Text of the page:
An interaction with the multi talented Shri Vinay Deshmukh, renowned patron of Hindustani Classical Music and he also holds degrees in engineering and management from the MIT School of Engineering and the Sloan School of Management , Boston, USA and Indian Institute of Technology , Roorkee (erstwhile University of Roorkee).
He is presently Vice President , Oracle Application Labs , Oracle India Pvt Ltd and hold two international patents.
Q 1 What and who inspired you to promote Indian Classical Music?
My father was a connoisseur of Indian classical music. He took me to several concerts in my childhood
and initiated me into Tabla . I continue to learn Tabla under Srinivas Rao in Hyderabad.
I have always felt that classical musicians needed financial and organizational support in order to prosper and grow.
I was fortunate to get in touch with Pandit Tarun Bhattachharya through my classical vocal guru Smt Bina Sen.
Having met a musician of the stature of Tarunda , I realized a lot could be done to promote music through his Santoor Ashram .
Q 2 Why do Corporate houses not promote Indian Classical Music as much they promote light music?
It is often a matter of demand and supply . Classical music has fewer lovers but they are generally the ardent ones .
Light music attracts a large audience and is therefore appealing to corporates.
That said my experience is corporate houses are quite open to promoting classical music or giving their employees the platform to perform . As more and more employees come forward and render quality performances, the interest will grow.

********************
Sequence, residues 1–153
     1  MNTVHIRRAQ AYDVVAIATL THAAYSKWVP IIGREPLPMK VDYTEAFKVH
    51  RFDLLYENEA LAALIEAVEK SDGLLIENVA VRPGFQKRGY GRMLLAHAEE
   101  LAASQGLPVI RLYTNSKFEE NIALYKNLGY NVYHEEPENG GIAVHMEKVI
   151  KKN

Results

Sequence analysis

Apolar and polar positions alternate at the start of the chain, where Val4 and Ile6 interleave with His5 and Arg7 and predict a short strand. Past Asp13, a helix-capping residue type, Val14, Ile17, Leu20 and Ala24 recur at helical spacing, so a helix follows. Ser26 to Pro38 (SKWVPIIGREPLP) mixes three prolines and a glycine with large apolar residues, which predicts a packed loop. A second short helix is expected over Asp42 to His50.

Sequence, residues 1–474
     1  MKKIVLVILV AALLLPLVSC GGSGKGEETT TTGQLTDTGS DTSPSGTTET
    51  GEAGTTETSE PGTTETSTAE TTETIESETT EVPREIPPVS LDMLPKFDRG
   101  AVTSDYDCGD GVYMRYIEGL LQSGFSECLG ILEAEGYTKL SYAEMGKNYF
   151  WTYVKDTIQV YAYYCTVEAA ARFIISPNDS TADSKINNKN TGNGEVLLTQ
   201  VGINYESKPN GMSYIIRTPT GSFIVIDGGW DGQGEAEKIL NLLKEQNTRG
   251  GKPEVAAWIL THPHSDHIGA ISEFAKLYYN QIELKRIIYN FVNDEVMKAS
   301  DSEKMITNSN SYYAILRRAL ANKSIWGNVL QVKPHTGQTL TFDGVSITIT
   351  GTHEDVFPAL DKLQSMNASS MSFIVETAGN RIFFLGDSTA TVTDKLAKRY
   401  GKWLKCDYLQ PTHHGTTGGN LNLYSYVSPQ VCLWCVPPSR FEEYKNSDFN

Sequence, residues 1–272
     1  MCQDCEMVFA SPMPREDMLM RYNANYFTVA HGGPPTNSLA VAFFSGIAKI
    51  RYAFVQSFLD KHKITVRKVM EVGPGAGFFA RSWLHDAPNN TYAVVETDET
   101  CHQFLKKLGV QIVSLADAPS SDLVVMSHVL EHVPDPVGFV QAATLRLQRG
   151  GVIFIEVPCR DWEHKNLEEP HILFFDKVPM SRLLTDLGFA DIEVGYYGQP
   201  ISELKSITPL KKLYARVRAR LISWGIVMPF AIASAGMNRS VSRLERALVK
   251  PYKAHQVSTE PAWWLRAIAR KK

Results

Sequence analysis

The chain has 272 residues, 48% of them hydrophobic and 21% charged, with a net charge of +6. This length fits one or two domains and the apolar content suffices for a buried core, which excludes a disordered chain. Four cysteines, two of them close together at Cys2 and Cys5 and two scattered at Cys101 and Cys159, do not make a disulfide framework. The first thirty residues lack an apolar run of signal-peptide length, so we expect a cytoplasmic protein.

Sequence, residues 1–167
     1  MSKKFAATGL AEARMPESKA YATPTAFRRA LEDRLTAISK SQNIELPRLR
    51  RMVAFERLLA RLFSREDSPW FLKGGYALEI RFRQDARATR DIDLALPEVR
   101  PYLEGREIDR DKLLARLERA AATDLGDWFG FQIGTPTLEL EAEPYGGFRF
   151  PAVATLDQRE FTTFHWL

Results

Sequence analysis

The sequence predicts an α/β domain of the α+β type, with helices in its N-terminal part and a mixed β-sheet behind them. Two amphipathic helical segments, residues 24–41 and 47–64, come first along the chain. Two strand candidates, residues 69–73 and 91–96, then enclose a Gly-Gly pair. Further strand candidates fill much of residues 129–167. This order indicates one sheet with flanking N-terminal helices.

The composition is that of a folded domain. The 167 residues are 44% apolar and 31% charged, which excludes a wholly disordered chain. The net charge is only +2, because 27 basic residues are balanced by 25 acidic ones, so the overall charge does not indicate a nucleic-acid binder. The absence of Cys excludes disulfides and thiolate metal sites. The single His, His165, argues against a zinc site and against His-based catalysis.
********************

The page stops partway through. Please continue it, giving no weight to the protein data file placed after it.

Bina Sen Mam and her entourage had recorded a fusion version of raag Megh which is still played at various events in my
Q 3 Have you ever explored using techniques of Indian Ragas for stressed relief of employees?
It has been a thought for long that needs to be put in action.
Q 4 Who is your favourite musician and why?
Hard to say – I have been influenced by many including Ustad Zakir Hussain, Pt Hariprasad Chourasia,
Pt Tarun Bhattacharya , Ustad Amjad Ali Khan. the late Pt Bhimsen Joshi, the late Amir Khan Sahab to name a few.
Each of them have their unique style and creative elements that lend a touch of divinity to their renditions.
For example, Amir Khan Sahab’s “sapat” is the first thing my Guru Bina Mam asked me to observe – such precise
measurement of every note , apparently so simple yet so difficult to reproduce.
Q 5 What are your future plans for popularizing Indian classical music?
I am on the verge of floating my own company to promote music especially among the under privileged sections of society. My partnership with legends like Tarunda will continue.